28 June 2020
STRAIGHT & 2 BEERS
The oldest profession is adapting to a world ravaged by the pandemic
It is not for nothing that it is called the world’s oldest profession.
The phrase is frequently used as a euphemism for prostitution.
At the beginning of the national lockdown, a plea for sex workers to be allowed to operate and peddle their wares fell on deaf ears. Sex work, after all, remains illegal in this country. It is equivalent to selling or buying cigarettes and many prostitutes have borne the brunt of the law when found soliciting.
The profession did not qualify for the financial relief announced by the government during the national lockdown. Essentially, prostitutes are on their own.
However, the profession has proven its resilience, surviving wars and pandemics. Prostitutes were there during the two world wars and during the Spanish flu that hit the world in 1918.
COVID-19 has sparked fear and forced a change in behaviour globally. Social distancing is the new normal.
Prostitution, like other contact sports, is not encouraged.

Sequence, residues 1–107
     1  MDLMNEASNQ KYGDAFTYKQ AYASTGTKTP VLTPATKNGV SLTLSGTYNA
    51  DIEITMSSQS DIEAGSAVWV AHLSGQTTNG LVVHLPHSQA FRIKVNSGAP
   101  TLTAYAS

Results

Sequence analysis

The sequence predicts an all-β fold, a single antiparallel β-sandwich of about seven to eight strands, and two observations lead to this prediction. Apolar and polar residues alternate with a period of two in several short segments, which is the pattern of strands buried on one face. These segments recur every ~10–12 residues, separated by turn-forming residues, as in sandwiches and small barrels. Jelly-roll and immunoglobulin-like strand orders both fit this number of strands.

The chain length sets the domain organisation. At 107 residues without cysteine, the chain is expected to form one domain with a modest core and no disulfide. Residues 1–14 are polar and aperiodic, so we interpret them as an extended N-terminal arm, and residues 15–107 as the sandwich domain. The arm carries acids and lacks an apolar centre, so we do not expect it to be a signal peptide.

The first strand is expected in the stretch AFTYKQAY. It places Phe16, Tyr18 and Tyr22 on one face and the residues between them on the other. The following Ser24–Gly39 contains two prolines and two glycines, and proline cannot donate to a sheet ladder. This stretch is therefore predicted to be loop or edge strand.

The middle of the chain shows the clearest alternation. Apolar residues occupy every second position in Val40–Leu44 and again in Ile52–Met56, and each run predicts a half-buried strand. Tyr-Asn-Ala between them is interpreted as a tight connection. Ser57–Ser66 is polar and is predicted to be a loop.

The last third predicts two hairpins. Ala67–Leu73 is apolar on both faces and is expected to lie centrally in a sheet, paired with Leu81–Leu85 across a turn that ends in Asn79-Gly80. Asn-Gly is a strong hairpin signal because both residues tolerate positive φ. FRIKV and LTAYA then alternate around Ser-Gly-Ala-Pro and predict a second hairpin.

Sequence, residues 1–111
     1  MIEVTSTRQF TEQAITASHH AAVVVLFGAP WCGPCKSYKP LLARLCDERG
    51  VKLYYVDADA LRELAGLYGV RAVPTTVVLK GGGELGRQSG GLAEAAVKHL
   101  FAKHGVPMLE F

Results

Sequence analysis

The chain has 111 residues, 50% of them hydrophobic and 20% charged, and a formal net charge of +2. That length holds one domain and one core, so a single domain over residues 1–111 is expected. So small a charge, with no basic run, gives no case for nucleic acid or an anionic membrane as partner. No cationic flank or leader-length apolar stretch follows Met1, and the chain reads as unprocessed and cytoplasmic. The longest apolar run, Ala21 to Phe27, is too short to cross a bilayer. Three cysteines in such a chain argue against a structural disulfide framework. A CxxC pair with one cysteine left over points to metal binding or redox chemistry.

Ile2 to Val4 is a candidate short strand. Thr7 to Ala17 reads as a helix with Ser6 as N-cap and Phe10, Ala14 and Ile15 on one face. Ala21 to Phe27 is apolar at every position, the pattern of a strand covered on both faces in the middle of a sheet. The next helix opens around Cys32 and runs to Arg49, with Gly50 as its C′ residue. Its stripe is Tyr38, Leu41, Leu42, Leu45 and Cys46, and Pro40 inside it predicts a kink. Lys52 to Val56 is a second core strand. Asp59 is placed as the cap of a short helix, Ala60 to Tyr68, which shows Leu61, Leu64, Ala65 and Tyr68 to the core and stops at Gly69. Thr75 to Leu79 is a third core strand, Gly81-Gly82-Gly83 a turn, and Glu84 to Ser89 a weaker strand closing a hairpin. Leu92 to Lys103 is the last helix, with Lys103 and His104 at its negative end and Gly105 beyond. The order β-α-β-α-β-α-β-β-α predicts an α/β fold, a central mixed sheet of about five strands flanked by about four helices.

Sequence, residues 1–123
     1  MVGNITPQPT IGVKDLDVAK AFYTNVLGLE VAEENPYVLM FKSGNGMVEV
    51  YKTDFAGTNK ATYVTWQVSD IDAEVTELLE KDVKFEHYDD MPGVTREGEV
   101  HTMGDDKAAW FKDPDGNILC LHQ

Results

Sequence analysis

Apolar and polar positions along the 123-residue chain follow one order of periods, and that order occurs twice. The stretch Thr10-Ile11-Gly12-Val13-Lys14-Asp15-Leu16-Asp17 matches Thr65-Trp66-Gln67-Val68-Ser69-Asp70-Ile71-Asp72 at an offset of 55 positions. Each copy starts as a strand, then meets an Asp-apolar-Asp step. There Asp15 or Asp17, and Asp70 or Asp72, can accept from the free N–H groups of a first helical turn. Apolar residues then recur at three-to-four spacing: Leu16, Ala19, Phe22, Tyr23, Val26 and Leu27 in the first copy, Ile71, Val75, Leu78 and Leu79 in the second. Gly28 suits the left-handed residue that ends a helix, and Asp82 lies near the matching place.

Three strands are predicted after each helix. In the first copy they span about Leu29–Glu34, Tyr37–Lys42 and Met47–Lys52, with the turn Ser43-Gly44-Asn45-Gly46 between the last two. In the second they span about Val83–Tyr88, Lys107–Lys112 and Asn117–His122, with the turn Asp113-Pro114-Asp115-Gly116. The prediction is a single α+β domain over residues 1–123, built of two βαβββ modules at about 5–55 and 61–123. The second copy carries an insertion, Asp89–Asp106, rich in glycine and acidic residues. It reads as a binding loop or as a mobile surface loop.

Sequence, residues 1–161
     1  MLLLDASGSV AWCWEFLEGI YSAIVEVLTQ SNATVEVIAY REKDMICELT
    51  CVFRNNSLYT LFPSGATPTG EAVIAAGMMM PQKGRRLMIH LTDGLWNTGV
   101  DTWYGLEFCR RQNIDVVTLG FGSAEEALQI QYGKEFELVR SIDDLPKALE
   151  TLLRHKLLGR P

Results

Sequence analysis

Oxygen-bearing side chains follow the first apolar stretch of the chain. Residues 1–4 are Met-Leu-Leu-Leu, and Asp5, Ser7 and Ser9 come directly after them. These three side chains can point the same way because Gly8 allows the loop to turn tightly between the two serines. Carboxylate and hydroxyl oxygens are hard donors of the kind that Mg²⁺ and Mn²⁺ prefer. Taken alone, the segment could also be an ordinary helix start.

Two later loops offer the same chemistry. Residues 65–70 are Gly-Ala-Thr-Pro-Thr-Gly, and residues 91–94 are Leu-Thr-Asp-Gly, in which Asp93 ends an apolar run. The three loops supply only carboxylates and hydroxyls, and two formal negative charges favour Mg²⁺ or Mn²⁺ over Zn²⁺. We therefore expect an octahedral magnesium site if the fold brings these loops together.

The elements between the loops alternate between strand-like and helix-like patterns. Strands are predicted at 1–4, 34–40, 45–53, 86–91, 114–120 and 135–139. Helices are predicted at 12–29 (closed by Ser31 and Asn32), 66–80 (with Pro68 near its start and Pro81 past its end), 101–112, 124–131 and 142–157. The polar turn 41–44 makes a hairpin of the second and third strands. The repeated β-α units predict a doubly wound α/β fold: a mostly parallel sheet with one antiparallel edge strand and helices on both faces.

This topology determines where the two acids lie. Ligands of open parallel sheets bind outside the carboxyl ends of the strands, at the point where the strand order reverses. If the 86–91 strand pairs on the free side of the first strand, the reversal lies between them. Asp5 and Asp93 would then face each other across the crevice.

So, how have the members of the oldest profession managed under these difficult times?
Straight & Two Beers sleuths discovered that while the ladies of the night have all but disappeared on Oxford Road in Rosebank, online is where the action is at.
The brothels may be closed and many sex workers struggling to pay the bills, but
others are working remotely from home.
Like it happened when the sale of liquor was forbidden under alert levels four and five, WhatsApp has become the platform for hook-ups.
Several WhatsApp groups have sprouted where the horny can set up an appointment for a quickie or a full-house session. I must mention that you have to be reckless enough or insanely horny to travel across town to bonk a stranger when human contact can lead to illness.
The more enterprising and health conscious prefer to avoid human contact altogether and provide only virtual sex. This includes the selling of nude pictures and videos, and even a video call to have online fun.
The oldest profession may be bruised and battered by the Coronavirus, but it is definitely not on the ropes and is gearing itself for more rounds.